I have an existing finished basement where I'm in the process of replacing an severely damaged plaster ceiling with drywall. I've got the entire thing open, and as it's an old house (1925) there is no insulation at all. Heat in this room is provided via one large radiator that is suspended from the ceiling (not my favorite feature, but it seems tough to move).

Is there much to be gained by insulating the ceiling while I've got it opened? I'm not too familiar with what is or isn't worthwhile - obviously insulation on exterior facing surfaces is good, but does it matter between floors?

1 Answer 1


Thermal insulation (and a vapor barrier) is applied between the interior and exterior surfaces of the home. Unless you plan on leaving your basement unheated, you wouldn't place thermal insulation between the floors. And leaving it completely unheated is a bad idea since pipes can freeze.

The only reasons to place insulation between floors is for sound or to slow the spread of fire. For fire protection, the places you'd install insulation are where fire could spread up an opening like a chase for running duct work and other utility lines.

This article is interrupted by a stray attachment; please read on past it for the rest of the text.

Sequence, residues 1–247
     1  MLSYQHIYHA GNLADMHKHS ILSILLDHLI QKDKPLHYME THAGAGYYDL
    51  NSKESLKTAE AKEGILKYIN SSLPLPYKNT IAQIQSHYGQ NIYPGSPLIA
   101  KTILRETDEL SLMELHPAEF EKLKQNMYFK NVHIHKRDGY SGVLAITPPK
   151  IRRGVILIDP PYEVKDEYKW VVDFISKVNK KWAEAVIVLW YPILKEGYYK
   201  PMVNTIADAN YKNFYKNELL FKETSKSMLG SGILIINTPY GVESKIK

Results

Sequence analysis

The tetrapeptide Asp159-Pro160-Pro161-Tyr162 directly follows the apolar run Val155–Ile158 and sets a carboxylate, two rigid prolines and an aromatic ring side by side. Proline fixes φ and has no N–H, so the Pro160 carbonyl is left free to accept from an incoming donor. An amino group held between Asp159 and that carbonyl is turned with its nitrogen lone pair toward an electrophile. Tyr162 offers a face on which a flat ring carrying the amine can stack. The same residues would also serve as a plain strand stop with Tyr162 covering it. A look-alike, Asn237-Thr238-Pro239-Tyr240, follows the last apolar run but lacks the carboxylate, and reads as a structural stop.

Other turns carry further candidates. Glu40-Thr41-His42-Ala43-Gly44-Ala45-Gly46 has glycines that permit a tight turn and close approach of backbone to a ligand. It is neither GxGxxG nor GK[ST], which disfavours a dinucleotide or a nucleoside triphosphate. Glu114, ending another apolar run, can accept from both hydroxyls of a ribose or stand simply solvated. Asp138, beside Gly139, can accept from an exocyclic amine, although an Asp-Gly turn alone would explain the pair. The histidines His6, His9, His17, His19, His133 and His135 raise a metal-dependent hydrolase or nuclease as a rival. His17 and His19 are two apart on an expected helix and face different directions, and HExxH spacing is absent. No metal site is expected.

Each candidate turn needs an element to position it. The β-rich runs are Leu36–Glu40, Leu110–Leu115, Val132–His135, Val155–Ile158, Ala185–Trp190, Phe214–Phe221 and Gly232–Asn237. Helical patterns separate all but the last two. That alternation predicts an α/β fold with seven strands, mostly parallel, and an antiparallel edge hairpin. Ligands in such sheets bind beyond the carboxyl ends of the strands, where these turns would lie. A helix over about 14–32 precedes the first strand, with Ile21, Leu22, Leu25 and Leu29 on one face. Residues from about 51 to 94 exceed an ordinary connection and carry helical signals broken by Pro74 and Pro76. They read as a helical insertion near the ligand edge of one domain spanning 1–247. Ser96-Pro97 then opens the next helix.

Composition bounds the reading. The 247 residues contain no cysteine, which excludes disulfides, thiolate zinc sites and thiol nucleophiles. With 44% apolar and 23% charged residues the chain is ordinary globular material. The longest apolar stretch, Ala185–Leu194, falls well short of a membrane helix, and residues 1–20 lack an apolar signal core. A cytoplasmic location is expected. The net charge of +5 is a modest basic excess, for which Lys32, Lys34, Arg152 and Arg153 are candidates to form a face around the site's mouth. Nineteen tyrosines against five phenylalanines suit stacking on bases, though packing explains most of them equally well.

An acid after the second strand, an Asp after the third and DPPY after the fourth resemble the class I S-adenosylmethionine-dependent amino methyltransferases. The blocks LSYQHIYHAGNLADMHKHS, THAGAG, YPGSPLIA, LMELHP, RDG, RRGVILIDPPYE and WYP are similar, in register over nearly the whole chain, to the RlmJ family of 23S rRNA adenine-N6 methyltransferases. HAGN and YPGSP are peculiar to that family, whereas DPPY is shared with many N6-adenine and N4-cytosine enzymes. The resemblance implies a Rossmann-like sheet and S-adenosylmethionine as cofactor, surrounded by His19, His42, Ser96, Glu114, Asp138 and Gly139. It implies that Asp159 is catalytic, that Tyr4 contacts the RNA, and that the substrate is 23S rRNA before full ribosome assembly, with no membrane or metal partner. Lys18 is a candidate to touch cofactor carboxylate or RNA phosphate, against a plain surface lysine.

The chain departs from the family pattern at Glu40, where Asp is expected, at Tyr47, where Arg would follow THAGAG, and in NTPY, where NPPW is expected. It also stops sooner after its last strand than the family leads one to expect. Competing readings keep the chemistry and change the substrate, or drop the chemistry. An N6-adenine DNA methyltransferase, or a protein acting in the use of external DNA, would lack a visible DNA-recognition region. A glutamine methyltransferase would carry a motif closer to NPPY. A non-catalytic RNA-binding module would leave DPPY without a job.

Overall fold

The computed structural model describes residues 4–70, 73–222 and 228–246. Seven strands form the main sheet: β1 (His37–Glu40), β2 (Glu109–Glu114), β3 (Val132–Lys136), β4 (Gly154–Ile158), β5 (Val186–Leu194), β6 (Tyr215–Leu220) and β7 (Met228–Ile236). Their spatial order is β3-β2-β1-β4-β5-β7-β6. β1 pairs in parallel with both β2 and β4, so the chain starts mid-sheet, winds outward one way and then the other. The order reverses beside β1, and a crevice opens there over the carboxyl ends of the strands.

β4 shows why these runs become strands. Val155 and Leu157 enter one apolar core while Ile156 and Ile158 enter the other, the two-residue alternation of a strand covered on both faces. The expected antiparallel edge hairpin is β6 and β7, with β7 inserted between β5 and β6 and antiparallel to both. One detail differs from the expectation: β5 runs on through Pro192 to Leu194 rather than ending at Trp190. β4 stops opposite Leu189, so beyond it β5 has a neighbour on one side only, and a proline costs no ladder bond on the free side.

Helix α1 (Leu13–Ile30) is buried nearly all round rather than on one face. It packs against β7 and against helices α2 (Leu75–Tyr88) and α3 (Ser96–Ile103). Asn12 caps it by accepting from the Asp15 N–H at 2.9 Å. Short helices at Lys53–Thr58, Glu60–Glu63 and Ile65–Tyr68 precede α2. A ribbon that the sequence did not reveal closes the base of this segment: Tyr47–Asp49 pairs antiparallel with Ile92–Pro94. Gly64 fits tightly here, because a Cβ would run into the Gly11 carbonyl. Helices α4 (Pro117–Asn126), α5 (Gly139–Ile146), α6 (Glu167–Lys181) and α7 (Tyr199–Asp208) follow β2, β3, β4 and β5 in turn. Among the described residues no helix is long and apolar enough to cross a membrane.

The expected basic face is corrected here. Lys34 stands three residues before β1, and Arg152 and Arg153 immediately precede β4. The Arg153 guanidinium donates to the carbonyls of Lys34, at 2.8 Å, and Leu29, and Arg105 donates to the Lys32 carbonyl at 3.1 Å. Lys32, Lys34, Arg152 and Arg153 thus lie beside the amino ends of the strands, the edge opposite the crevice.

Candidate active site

What's left is sound protection, and that is best provided by using flooring materials like carpeting above, and then separating the drywall from the joists with something like resilient channel. Insulation in the ceiling cavity will only reduce the high frequency sounds from above. The low frequency sounds, such as loud footsteps, will travel directly through the flooring, the joists, and be rebroadcast by the drywall. Think of sound like electricity, the joists as a short, and carpeting and resilient channel as tools to prevent that short.

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    +1 Great explanation. I'm always amazed when I see so many basements with insulated ceilings. This also tends to make the basement areas colder. Insulating the box ends along the rim joists is always a good idea, huge heat loss and air infiltration there. Foam in these boxes is best. At least around the edges and blanket fitted in rest of the void. Oct 28, 2012 at 11:10

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